Osteoarthritis affects millions of people both worldwide and across the United States. New research shows that a diet rich in fiber may lower the risk of developing painful knee osteoarthritis.

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Fruit and whole-grain cereals are excellent sources of fiber.

Osteoarthritis (OA) is the most common type of arthritis, affecting more than 30 million U.S. adults. Worldwide, it is estimated that almost 10 percent of men and 18 percent of women aged 60 and over live with symptomatic OA.

Also known as “wear and tear” arthritis, the joint disorder affects elders in particular, with women over the age of 50 being the most likely to develop the condition.

New research – published in the journal Annals of the Rheumatic Diseases – investigates the link between a diet rich in fiber and the risk of developing knee OA.

The new study consists of a meta-analysis examining two long-term studies on the benefits of a fiber-rich diet. The study was a collaborative effort between researchers from Tufts University in Boston, MA, and the University of Manchester in the United Kingdom.

The first author of the study is Dr. Zhaoli Dai, of the Human Nutrition Research Center on Aging and Friedman School of Nutrition Science and Policy at Tufts University.

Previous studies have shown that a diet rich in fiber has various health benefits, from lowering blood pressure and weight, to reducing inflammation and improving blood sugar levels.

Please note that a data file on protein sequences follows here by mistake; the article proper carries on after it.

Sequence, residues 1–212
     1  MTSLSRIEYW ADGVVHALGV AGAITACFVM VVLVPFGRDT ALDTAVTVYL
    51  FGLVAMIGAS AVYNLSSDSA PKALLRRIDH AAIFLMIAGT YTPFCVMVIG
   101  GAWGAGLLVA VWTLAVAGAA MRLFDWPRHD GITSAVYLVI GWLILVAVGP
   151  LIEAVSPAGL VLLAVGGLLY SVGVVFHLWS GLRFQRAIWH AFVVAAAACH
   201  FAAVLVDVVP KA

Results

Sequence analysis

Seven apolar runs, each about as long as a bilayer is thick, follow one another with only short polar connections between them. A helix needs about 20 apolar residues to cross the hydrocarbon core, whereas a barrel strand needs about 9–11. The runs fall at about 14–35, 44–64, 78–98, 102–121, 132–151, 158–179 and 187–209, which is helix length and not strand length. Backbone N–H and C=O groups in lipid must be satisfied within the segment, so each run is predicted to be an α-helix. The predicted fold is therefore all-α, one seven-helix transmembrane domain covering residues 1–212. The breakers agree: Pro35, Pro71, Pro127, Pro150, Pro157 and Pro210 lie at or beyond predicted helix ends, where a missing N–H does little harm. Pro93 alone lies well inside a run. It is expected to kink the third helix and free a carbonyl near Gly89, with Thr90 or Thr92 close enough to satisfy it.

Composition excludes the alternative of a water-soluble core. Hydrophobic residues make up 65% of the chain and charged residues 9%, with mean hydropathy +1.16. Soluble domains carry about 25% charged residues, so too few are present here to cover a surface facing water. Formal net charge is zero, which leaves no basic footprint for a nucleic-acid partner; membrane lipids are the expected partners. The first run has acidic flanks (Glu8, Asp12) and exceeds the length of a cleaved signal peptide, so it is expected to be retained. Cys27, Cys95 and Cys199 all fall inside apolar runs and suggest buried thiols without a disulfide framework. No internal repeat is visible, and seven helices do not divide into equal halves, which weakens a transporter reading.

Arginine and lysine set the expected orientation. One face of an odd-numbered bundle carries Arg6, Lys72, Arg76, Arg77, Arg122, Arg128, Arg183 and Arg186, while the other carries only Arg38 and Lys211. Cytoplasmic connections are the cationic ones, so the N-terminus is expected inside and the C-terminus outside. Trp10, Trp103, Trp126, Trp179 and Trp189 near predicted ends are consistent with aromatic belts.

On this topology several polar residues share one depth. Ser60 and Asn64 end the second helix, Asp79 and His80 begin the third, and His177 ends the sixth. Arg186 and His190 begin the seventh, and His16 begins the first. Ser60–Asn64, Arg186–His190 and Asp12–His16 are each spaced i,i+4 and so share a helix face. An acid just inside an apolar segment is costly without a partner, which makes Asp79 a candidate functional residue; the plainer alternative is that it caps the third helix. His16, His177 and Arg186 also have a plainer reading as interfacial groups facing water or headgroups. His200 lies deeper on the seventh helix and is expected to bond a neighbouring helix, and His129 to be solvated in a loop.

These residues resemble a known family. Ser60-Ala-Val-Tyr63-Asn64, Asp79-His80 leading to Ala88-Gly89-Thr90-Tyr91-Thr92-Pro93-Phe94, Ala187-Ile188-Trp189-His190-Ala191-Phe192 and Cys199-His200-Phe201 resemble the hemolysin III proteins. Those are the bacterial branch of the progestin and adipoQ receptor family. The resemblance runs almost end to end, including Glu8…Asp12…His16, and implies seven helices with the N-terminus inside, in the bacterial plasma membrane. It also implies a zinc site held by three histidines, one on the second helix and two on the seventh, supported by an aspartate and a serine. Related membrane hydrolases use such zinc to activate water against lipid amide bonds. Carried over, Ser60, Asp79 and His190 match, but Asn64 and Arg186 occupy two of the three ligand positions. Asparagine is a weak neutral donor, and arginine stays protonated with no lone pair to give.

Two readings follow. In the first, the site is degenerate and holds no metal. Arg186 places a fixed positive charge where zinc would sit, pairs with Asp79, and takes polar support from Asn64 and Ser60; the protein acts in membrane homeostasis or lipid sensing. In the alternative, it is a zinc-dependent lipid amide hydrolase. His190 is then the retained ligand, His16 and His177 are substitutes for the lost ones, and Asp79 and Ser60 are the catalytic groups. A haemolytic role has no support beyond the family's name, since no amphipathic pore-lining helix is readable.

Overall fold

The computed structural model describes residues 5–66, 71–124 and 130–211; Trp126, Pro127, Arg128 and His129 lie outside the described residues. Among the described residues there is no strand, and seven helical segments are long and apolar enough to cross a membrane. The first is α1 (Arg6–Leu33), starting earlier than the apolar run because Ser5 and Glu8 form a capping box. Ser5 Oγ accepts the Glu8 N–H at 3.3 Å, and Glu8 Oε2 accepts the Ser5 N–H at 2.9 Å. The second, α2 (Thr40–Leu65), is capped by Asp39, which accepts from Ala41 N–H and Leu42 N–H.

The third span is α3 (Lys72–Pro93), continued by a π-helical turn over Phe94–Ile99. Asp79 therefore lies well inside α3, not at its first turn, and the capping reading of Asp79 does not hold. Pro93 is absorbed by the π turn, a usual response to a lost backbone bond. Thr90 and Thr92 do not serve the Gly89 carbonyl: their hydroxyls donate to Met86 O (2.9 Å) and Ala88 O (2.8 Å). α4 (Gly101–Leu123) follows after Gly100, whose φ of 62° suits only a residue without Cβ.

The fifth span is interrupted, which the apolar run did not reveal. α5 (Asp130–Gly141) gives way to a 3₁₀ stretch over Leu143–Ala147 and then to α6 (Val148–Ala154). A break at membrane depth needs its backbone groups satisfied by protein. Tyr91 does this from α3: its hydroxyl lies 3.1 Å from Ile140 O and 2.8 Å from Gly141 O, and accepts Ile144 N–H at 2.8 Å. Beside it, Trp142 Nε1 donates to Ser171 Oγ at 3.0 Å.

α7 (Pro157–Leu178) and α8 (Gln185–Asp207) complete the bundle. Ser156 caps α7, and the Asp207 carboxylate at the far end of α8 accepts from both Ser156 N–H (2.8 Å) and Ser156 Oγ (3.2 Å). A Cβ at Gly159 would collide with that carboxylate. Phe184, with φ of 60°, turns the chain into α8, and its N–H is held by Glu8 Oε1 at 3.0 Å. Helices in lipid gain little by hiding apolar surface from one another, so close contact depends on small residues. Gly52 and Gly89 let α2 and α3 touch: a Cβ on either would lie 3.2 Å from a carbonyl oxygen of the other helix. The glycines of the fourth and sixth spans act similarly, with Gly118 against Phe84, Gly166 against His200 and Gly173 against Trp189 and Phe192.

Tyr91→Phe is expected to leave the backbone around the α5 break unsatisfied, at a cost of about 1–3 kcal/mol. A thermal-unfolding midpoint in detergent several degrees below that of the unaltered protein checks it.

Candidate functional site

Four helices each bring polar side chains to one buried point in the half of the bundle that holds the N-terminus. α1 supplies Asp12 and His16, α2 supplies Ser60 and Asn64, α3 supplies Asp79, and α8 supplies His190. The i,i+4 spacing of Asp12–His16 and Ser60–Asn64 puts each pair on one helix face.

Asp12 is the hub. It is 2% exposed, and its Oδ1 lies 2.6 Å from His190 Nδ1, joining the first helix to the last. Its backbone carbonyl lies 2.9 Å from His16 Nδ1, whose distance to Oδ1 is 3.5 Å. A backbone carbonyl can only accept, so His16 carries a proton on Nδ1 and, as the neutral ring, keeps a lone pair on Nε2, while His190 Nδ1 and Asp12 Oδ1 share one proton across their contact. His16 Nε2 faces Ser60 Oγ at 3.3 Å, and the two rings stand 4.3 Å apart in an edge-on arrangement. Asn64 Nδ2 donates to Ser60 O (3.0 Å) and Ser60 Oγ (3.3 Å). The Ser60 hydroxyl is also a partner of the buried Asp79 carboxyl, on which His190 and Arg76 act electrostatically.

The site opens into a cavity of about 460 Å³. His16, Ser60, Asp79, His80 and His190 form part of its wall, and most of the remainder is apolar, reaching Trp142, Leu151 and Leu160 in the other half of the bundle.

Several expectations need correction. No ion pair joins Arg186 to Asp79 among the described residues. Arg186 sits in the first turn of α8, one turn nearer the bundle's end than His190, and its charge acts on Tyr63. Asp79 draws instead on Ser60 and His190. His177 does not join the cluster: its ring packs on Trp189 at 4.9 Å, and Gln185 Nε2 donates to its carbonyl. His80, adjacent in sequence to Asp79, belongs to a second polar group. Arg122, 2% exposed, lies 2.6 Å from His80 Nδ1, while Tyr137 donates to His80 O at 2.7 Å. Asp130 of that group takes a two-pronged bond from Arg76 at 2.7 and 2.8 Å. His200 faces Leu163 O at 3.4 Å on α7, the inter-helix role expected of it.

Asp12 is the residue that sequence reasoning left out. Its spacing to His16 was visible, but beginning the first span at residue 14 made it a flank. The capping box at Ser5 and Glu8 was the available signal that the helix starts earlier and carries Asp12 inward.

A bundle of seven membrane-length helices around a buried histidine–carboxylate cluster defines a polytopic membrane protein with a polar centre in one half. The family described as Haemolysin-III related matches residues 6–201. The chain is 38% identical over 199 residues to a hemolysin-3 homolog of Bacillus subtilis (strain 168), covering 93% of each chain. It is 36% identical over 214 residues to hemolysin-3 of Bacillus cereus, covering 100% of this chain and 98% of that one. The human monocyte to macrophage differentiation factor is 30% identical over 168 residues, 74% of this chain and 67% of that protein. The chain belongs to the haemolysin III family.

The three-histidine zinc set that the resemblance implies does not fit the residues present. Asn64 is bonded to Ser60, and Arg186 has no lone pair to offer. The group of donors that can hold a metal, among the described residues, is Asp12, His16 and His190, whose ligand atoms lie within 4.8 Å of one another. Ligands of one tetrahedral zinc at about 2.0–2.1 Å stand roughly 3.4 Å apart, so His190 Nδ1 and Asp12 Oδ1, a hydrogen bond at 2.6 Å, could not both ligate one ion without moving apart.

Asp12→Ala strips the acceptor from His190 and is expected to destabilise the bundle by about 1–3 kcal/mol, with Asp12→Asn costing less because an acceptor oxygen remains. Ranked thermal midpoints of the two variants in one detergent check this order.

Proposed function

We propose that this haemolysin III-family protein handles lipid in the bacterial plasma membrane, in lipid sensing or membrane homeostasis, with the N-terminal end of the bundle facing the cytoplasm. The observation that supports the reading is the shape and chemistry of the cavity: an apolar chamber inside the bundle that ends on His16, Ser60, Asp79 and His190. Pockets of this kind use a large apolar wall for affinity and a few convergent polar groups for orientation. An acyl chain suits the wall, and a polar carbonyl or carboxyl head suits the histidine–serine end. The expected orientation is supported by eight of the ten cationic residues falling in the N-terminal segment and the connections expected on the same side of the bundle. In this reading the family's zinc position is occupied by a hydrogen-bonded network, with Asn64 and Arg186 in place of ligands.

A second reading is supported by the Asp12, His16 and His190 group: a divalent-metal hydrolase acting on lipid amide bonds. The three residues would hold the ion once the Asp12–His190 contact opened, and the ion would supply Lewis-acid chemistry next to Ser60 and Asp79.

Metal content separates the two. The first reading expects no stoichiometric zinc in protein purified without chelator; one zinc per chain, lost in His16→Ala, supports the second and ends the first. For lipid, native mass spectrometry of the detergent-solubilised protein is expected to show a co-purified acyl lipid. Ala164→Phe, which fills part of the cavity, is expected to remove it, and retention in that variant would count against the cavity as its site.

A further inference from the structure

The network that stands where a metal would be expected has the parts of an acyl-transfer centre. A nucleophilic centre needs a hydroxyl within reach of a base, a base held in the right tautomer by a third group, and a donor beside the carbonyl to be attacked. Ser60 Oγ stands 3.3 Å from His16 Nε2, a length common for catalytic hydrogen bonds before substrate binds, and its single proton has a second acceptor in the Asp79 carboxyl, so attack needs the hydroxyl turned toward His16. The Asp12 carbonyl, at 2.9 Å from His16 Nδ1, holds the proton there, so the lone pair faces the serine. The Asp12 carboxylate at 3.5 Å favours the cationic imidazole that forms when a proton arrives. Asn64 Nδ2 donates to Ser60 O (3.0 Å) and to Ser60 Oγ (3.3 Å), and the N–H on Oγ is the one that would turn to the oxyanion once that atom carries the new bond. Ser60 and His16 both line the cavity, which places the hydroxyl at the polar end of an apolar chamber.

Good sources of fiber include nuts, legumes, fruit, whole grains, and non-starchy vegetables.

The studies included in the new research were the Osteoarthritis Initiative (OAI) (which examined a total of 4,796 participants) and the Framingham Offspring Osteoarthritis Study (which comprised 1,268 participants).

The researchers determined the participants’ fiber intake at the beginning of the study using a food frequency questionnaire. They also assessed incident radiographic OA and symptomatic OA – that is, they used X-rays to determine OA and recorded OA symptoms, the most common of which include knee pain, stiffness, and swelling.

The participants were clinically followed every year for 48 months as part of the OAI study, and they were evaluated after 9 years as part of the Framingham study.

Researchers also collected clinical data on other factors that may have influenced the results, including knee injury, medication, lifestyle, alcohol consumption, and physical exercise.

Patients consumed an average of 15 grams of fiber every day in the OAI study, and 19 daily grams in the Framingham study.

In the OAI study, at the end of the 4-year period, a total of 869 knees had OA symptoms, and 152 showed signs of OA on the X-ray. Additionally, the pain got worse in 1,964 knees.

In the Framingham study, at the end of the 9-year period, 143 knees presented OA symptoms, and 175 showed signs of OA on the X-ray.

Overall, the statistical analysis indicated that a higher intake of fiber correlated with a lower risk of painful OA.

Participants were divided into fourths, or quartiles, with the top quartile being compared with the lowest quartile in terms of fiber intake.

The participants who consumed the most fiber had a 30 percent lower risk of OA in the OAI cohort, and a 61 percent lower risk of OA in the Framingham cohort, compared with those who consumed the least fiber.

Furthermore, the study revealed that consuming more fiber in general, as well as more cereal fiber in particular, significantly reduced the risk of the knee pain getting worse. However, as the study is observational, it cannot establish causality.

Dr. Dai and colleagues conclude:

Findings from two longitudinal studies consistently showed that higher total fiber intake was related to a lower risk of [symptomatic OA], while the relation to [incident radiographic OA] was unclear.”

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